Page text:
Richard Mitchell on agents and acts

Carrol Cox cbcox at ilstu.edu
Sat Sep 24 18:57:22 EST 2005


Tom Wright: I would argue that it can become deceptive even in technical
journals.  It creates the illusion of objectivity.  In Burkean terms, it
implies that scientific experiments involve motion, not action.  Motion,
of course, is free from bias; action is not.  By not mentioning the
agent, these texts avoid reminding the reader that the experiments are
performed by people who are fallible and whose motives might be suspect.

That illusion of objectivity is the risk, and I agree there is no such
thing. But in the case of technical journals rather than changing the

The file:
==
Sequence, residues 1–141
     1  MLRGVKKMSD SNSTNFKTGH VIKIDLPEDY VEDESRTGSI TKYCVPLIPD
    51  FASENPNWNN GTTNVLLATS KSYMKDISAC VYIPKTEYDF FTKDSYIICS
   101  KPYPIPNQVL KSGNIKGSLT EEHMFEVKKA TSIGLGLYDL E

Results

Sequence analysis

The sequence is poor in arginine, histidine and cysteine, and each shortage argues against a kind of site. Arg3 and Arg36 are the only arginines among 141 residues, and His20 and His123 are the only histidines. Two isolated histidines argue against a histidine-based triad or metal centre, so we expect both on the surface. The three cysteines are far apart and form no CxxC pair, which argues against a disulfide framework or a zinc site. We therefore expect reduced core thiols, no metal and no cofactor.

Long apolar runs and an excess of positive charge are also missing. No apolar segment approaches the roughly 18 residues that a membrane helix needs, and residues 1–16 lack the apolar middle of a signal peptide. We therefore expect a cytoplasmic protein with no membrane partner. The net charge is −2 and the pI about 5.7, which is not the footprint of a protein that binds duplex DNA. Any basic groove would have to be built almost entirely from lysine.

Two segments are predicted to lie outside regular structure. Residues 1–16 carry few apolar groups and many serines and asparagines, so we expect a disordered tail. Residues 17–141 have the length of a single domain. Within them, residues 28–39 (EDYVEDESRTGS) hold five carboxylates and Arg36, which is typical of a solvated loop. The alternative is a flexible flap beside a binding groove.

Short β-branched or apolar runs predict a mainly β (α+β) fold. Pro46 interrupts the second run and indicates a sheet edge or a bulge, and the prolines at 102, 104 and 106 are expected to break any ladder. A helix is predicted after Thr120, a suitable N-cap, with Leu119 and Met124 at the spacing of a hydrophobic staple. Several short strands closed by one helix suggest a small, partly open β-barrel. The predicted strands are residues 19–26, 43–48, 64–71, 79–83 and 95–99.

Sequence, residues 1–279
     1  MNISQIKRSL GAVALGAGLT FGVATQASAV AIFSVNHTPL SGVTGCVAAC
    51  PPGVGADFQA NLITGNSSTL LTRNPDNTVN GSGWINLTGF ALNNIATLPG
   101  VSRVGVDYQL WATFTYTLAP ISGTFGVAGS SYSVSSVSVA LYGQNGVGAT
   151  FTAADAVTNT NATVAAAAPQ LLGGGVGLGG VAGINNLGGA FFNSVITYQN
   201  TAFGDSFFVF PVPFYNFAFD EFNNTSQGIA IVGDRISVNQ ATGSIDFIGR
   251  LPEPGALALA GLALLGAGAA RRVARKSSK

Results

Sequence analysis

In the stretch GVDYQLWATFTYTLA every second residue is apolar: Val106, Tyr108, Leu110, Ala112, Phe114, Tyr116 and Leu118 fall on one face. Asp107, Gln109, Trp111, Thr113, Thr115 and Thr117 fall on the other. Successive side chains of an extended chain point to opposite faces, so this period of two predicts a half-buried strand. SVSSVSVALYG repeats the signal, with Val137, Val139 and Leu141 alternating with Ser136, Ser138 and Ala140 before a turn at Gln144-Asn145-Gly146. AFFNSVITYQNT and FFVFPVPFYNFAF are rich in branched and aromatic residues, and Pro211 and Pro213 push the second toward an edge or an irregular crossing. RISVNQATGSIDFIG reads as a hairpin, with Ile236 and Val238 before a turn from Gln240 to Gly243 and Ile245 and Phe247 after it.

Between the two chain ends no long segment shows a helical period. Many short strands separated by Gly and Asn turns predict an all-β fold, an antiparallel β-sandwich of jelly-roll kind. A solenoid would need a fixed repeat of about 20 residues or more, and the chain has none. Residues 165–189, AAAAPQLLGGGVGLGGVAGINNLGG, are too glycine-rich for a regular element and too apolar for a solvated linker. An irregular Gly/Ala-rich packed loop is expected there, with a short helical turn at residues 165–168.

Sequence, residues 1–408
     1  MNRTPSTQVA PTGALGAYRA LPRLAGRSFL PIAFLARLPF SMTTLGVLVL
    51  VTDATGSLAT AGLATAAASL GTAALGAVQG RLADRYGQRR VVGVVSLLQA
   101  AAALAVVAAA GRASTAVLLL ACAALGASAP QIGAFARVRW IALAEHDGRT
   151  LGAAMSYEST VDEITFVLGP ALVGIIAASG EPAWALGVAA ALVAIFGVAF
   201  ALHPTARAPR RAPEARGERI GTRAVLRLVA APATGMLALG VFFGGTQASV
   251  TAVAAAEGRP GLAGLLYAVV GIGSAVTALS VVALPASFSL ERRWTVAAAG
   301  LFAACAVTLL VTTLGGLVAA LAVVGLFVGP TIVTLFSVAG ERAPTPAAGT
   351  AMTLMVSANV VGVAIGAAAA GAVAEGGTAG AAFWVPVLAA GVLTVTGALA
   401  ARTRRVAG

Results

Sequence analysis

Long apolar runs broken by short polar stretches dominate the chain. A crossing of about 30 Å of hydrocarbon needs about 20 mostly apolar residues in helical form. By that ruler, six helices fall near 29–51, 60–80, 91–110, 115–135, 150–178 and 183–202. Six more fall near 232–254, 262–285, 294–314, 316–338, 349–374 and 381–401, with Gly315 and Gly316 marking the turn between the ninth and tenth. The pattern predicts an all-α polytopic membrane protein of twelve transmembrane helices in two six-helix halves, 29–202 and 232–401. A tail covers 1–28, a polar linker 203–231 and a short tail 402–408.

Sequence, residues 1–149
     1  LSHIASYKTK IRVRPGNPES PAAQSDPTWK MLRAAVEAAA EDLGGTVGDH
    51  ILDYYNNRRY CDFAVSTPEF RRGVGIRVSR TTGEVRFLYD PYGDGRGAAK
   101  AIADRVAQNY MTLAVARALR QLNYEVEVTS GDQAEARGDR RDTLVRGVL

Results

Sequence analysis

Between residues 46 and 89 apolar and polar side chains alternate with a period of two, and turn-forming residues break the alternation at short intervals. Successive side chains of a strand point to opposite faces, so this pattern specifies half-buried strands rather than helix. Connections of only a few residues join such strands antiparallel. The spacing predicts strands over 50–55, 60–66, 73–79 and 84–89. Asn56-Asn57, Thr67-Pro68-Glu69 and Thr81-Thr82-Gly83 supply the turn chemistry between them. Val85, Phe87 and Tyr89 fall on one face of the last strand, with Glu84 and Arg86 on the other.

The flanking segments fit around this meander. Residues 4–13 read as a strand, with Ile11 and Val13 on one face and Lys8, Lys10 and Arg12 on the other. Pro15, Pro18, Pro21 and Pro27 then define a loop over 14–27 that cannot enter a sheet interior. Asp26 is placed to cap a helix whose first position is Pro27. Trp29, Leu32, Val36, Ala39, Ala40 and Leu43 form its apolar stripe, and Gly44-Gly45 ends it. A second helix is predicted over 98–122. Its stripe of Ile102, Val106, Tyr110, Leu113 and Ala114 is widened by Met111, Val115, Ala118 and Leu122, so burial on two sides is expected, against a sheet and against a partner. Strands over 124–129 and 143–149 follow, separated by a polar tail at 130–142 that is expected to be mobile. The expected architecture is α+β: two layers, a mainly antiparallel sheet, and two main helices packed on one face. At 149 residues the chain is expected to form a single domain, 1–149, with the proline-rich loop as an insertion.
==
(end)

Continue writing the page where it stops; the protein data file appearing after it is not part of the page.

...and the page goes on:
style of the articles themselves -- and there are reasons for the
conventions they adopt -- could that better be handled through editorial
statements at the beginning of each issue and through footnotes or
endnotes to the articles themselves.

"Drs. X & Y carried out the experiments at X-State University" & so
forth would still potentially hide the fact that it was Pfeizer (sp?)
drug company that financed X&Y's work. One could even, potentially,
launch a protracted campaign to force fuller revelation in journals of
"the interests" involved in research reported on, while changing the
rigid style conventions of technical journals would be almost impossible
-- the old metaphor of herding cats comes to mind.

Carrol




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